In this article I'll cover everything you need to know to ace the 35-minute multiple-choice section of the SAT Writing Test. Remember: these proofreading and editing questions are just as important to your final writing score as the essay.
First we'll review the fourteen simple grammatical concepts tested in this section. That may sound like a lot to review, but I'm sure you're familiar with most of these grammatical concepts already. Once we've gotten the basic information out of the way, I'll show you specific techniques for handling the three different question formats.
If you've never taken a grammar course, relax: there's not much you need to know, and we'll be covering everything thoroughly. Still, to move things along we won't linger too long on the fundamentals; students who have trouble telling the difference between a noun and a verb should consider postponing taking the SAT.
There's a lot of material in this chapter. Even though you are probably familiar with much of it already, I strongly recommend that you skim the section first. Spread your indepth review over several days in small sessions rather than trying to digest everything in one sitting.
SAT-Specific Grammar Only
We'll be reviewing all the grammar you need to know for the SAT, but only that grammar. Moreover, I'll be covering these concepts as tested on the SAT. I'll occasionally take liberties with grammatical terms, rules, and even definitions.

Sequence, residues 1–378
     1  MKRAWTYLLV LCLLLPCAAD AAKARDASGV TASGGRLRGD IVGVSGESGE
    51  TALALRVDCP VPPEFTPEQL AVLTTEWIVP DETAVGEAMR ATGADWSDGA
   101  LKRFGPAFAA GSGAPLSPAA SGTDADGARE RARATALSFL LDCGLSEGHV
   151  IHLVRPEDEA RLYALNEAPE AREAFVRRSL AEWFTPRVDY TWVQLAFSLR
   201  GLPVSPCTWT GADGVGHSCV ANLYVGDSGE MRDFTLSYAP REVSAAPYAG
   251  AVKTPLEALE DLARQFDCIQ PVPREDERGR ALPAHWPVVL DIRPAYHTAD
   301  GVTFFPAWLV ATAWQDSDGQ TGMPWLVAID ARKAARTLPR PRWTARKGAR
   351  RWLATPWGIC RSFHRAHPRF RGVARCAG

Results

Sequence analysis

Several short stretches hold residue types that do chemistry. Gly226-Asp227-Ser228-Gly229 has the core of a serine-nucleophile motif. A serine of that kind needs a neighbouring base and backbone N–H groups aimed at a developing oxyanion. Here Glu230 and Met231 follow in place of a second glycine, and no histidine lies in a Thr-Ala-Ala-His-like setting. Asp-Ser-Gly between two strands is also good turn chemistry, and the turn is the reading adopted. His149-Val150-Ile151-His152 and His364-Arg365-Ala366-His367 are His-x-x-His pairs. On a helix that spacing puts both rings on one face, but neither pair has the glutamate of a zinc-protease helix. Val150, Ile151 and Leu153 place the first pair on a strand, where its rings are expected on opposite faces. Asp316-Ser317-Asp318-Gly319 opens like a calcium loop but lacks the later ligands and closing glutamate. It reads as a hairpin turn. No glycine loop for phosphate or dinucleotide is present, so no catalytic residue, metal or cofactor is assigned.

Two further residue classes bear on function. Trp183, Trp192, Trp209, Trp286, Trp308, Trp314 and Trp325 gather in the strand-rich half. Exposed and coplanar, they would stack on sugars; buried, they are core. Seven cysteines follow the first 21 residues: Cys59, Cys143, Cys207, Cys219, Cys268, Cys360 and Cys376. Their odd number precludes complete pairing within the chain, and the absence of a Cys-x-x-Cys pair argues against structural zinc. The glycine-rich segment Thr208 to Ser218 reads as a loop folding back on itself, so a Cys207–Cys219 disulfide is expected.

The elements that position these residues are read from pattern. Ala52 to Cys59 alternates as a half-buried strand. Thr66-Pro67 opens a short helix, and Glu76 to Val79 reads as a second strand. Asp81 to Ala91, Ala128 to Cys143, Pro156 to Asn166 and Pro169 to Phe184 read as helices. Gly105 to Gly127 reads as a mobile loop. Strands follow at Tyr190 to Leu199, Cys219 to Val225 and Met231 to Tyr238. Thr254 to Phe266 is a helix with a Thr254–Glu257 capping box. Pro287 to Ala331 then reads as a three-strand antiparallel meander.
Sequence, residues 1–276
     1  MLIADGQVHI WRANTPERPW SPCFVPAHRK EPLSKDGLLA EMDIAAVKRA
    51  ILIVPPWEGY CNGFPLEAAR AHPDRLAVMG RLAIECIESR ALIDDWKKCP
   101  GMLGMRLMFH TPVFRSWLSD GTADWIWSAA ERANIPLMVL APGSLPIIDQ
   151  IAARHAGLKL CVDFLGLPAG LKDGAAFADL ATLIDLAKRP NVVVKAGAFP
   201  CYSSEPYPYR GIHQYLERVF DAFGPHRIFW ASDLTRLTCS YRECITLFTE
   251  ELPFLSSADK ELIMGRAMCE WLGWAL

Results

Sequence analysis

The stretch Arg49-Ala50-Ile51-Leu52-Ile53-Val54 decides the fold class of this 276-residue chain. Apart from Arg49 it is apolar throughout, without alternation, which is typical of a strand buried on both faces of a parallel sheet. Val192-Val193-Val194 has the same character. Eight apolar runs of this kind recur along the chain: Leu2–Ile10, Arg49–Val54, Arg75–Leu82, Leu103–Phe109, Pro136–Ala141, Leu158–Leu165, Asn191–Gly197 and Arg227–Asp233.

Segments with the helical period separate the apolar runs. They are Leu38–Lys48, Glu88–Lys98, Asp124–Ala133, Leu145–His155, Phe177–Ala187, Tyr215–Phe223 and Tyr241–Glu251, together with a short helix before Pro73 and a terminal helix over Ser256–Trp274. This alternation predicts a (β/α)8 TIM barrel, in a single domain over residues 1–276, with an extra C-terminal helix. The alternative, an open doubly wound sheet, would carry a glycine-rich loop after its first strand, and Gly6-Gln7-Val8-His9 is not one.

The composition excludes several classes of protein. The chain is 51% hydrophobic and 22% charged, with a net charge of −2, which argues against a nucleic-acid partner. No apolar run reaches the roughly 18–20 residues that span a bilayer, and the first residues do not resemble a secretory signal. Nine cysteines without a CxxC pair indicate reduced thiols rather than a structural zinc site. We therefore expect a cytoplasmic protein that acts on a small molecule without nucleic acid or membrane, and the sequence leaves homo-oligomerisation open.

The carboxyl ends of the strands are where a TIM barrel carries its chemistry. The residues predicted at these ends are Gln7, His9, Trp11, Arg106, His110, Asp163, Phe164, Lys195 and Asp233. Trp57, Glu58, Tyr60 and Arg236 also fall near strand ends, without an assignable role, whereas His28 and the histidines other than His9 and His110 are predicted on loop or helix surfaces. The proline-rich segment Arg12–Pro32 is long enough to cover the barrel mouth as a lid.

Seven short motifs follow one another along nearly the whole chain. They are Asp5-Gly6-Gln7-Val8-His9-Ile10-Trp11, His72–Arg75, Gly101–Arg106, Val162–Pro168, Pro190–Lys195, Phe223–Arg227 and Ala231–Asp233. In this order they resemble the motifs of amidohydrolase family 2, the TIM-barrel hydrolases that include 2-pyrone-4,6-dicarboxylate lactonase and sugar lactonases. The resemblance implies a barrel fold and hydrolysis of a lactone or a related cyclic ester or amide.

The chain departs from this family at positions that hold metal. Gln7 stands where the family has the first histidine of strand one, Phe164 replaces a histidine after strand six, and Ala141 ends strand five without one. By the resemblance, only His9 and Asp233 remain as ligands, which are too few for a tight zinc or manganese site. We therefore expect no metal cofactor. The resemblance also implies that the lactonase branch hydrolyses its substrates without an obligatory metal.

For example, if a particular grammatical rule has an exception but that exception never shows up on the SAT, I'll state that rule absolutely. To point out rare exceptions to simple grammatical principles, or to discuss grammatical nuances that vex and confound college English professors, would complicate matters needlessly.
Often a single grammatical misunderstanding will lead to several errors. If so, I will group the analogous grammatical concepts under the same heading even though the concepts may not be related.
In short, I'll take shortcuts to keep things simple (even though some of these shortcuts may horrify traditionalists). My goal here is to raise your SAT Writing score as quickly and efficiently as possible, not to turn you into a grammarian.
Before we get to the details, now's a good time to alert you to a major pitfall awaiting unsuspecting students: using your "ear" to spot writing errors.
First, a Peek Ahead at the Three Question Formats
Here is a quick overview.
- The first question format deals primarily with errors with particular words or phrases (usage questions).
- The second question format deals with errors between different words and phrases (sentence correction questions).
- The third question format deals primarily with errors between different sentences (paragraph correction questions).